DENVER (CBS4)– The American Red Cross of Colorado and Wyoming will no longer be sending volunteers to help people in Hawaii affected by the erupting volcanoes. The trip has been canceled.

More than 2,000 residents of Hawaii’s Big Island are out of their homes on Monday morning.

gettyimages 958398440 Red Cross Volunteers From Colorado, Wyoming Cancel Trip To Help Volcano Victims In Hawaii

PAHOA, HI – MAY 14: The latest Kilauea volcano activity illuminates the sky and is reflected off a vehicle (Bottom) on Hawaii’s Big Island on May 14, 2018 in Pahoa, Hawaii. The U.S. Geological Survey said a recent lowering of the lava lake at the volcano’s Halemaumau crater “has raised the potential for explosive eruptions” at the volcano. (Photo by Mario Tama/Getty Images)

A new volcanic fissure on the Big Island sent gases and lava exploding into the air, prompting officials to issue calls for more evacuations as residents awaited a possible major eruption at Kilauea volcano’s summit.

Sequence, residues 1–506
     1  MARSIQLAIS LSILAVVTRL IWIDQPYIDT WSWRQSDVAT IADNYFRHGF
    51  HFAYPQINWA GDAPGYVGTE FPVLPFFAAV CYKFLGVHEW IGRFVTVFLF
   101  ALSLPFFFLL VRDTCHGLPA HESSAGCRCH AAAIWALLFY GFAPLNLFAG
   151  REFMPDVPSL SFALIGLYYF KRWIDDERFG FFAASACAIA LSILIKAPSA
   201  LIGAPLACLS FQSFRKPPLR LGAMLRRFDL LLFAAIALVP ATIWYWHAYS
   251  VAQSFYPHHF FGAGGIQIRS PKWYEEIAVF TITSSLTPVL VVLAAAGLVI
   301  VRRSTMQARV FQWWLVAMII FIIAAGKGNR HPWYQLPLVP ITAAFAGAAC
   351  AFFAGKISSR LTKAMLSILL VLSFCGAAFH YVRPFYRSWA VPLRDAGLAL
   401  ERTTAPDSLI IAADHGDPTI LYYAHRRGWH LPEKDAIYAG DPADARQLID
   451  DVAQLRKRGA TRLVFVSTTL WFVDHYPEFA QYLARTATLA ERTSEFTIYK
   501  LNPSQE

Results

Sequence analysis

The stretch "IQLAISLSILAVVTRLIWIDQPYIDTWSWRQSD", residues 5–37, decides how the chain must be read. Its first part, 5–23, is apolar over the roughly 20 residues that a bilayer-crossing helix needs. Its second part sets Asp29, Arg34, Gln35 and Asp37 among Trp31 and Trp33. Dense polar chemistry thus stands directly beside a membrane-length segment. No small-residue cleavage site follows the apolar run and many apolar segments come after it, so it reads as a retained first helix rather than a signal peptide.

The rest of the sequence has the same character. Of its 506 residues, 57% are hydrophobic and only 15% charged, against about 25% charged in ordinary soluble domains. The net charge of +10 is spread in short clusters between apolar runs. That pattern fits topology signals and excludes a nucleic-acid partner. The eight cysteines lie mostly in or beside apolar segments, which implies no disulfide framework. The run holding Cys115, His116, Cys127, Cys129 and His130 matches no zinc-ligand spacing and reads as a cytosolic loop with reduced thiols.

gettyimages 957498782 Red Cross Volunteers From Colorado, Wyoming Cancel Trip To Help Volcano Victims In Hawaii

Smoke and volcanic gases rise as lava cools in the Leilani Estates neighborhood, in the aftermath of eruptions and lava flows from the Kilauea volcano on Hawaii’s Big Island, on May 11, 2018 in Pahoa, Hawaii. The U.S. Geological Survey said a recent lowering of the lava lake at the volcano’s Halemaumau crater “has raised the potential for explosive eruptions” at the volcano. Vog, a haze or smog containing gases, smoke and dust from volcanic eruptions, may eventually spread from the eruptions to other islands in Hawaii. (Photo by Mario Tama/Getty Images)

Hawaii County Civil Defense issued an emergency cellphone alert after the fissure was discovered early Sunday morning. The agency said one “unidentified structure” was destroyed by the new vent, bringing the total number of homes and other buildings lost to lava to nearly 40.

Residents living near the fissure were told to evacuate, and two nearby community centers were serving as shelters for people and pets.

Lava spread across hundreds of yards (meters) of private land and loud explosions rocked the neighborhood not far from the Leilani Estates subdivision, where more than a dozen other active vents opened over the past week.

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